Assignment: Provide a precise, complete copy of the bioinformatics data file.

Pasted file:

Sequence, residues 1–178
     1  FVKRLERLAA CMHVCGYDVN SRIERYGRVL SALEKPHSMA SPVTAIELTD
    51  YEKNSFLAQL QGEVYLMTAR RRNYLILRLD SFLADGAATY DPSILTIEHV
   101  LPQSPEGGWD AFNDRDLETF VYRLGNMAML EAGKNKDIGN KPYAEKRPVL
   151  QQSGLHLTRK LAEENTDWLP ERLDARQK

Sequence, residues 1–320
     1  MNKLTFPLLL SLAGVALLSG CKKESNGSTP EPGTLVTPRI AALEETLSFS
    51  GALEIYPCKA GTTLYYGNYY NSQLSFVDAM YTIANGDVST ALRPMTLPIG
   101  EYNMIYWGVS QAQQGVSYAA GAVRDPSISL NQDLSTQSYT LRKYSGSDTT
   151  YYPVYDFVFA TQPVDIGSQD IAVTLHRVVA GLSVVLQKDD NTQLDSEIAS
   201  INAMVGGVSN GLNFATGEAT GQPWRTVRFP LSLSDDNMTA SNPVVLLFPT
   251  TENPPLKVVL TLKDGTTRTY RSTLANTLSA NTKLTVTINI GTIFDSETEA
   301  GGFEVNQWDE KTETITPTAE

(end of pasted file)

Sequence, residues 1–178
     1  FVKRLERLAA CMHVCGYDVN SRIERYGRVL SALEKPHSMA SPVTAIELTD
    51  YEKNSFLAQL QGEVYLMTAR RRNYLILRLD SFLADGAATY DPSILTIEHV
   101  LPQSPEGGWD AFNDRDLETF VYRLGNMAML EAGKNKDIGN KPYAEKRPVL
   151  QQSGLHLTRK LAEENTDWLP ERLDARQK

Sequence, residues 1–320
     1  MNKLTFPLLL SLAGVALLSG CKKESNGSTP EPGTLVTPRI AALEETLSFS
    51  GALEIYPCKA GTTLYYGNYY NSQLSFVDAM YTIANGDVST ALRPMTLPIG
   101  EYNMIYWGVS QAQQGVSYAA GAVRDPSISL NQDLSTQSYT LRKYSGSDTT
   151  YYPVYDFVFA TQPVDIGSQD IAVTLHRVVA GLSVVLQKDD NTQLDSEIAS
   201  INAMVGGVSN GLNFATGEAT GQPWRTVRFP LSLSDDNMTA SNPVVLLFPT
   251  TENPPLKVVL TLKDGTTRTY RSTLANTLSA NTKLTVTINI GTIFDSETEA
   301  GGFEVNQWDE KTETITPTAE